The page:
An amiable stroll through selected works of history and historical fiction, showing how the lines between them blur and how each can inform the other.
The author of nine novels and two works of nonfiction, Bram (Eminent Outlaws: The Gay Writers Who Changed America, 2012, etc.) plainly delights in reading about the past and is only discriminate about quality, not genre, as he feeds his “history addiction.” He immerses himself in the historical past for all the usual reasons and not necessarily the most high-minded: “I believe history’s original appeal is as pure escape,” he writes. “The past offers a fact-based fantasy, a dream with footnotes….As the flight attendants instruct us before takeoff, ‘The nearest exit may be behind you.’ ” Though Bram acknowledges how we can benefit from history, learn from it, and deepen our perspective, it’s refreshing that he underscores the pure pleasure of reading and that he takes such delight in it. He believes that “much can be gained by treating fiction and nonfiction as different sides of the same mountain” and that “while fiction strives for the condition of history, many history books hope to achieve the high drama of novels.” The author shows how some of the most successful and popular works of history employ narrative momentum and character development that could be termed novelistic, while historical novels (War and Peace is “the gold standard of historical fiction”) depend on researched detail and plausibility. The author’s argument isn’t as provocative as some of his counterintuitive judgments on highly praised works and authors, including Hilary Mantel’s Wolf Hall (“a Game of Thrones for highbrows”) and Cormac McCarthy: “After you scrape off the fancy prose style, his novel Blood Meridian could be just the fantasy of a really mean fourteen-year-old boy who’s seen too many Sergio Leone movies.”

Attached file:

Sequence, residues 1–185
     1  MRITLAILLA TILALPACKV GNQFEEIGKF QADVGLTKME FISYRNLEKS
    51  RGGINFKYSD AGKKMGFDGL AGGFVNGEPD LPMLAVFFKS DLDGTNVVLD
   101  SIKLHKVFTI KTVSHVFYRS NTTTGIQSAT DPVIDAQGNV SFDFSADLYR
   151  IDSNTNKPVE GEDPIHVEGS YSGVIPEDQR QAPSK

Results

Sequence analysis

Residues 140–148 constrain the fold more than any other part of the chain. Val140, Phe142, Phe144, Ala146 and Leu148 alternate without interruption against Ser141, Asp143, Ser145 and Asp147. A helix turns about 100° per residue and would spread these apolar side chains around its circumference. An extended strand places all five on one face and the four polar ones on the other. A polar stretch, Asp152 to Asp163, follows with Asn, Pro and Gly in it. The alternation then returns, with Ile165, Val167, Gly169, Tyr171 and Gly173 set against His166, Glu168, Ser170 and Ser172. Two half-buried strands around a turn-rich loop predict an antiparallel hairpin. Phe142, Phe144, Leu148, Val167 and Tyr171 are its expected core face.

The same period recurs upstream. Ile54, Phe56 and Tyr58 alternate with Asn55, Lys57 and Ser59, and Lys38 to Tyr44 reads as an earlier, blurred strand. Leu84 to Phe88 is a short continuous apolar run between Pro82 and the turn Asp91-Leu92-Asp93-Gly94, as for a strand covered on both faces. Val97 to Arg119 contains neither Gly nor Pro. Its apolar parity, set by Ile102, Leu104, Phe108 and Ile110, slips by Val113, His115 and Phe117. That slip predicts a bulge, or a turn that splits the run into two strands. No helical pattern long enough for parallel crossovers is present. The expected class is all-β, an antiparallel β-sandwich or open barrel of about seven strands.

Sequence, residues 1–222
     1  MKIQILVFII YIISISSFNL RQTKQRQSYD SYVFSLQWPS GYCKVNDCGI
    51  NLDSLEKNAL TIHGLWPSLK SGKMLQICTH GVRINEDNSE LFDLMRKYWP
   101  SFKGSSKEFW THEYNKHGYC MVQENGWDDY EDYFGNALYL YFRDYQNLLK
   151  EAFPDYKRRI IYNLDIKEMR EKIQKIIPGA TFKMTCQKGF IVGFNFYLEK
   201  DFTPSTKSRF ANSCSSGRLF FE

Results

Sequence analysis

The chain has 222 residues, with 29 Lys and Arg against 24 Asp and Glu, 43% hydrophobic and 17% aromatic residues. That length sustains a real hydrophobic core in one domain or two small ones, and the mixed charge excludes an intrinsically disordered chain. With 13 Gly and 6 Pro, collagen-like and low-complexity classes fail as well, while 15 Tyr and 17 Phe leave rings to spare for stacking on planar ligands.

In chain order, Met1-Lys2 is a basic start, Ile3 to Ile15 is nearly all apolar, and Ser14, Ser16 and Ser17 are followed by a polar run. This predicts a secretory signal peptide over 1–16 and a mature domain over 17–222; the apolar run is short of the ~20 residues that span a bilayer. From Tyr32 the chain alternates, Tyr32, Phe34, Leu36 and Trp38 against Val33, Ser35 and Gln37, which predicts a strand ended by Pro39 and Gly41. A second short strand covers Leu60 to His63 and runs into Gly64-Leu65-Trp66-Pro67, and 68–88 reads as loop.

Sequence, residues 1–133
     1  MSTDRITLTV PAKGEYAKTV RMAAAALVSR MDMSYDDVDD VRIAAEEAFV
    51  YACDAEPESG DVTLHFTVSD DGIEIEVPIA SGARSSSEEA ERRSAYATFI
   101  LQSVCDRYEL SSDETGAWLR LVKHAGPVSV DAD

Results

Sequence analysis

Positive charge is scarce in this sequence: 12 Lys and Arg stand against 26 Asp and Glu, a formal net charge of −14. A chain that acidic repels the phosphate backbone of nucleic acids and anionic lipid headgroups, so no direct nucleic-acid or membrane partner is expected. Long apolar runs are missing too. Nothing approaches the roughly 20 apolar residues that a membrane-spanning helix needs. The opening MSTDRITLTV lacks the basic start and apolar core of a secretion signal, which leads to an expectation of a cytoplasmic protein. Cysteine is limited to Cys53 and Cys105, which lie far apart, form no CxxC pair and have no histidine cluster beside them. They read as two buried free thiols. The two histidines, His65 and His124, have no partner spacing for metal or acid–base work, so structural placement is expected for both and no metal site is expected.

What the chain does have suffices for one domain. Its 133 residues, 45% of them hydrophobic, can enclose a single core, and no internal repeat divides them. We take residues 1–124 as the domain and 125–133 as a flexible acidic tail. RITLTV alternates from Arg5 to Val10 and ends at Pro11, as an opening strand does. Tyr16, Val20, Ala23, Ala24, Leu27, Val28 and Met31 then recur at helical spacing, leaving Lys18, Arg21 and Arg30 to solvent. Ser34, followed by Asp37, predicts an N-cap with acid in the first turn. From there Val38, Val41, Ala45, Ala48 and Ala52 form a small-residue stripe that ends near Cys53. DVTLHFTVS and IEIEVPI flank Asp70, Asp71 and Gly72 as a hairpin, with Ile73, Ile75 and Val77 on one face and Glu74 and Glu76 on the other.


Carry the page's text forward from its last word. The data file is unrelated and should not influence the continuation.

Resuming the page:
Though Bram teaches at NYU, there’s no hint of academic stuffiness in a book that offers the joy of reading as well as praising it.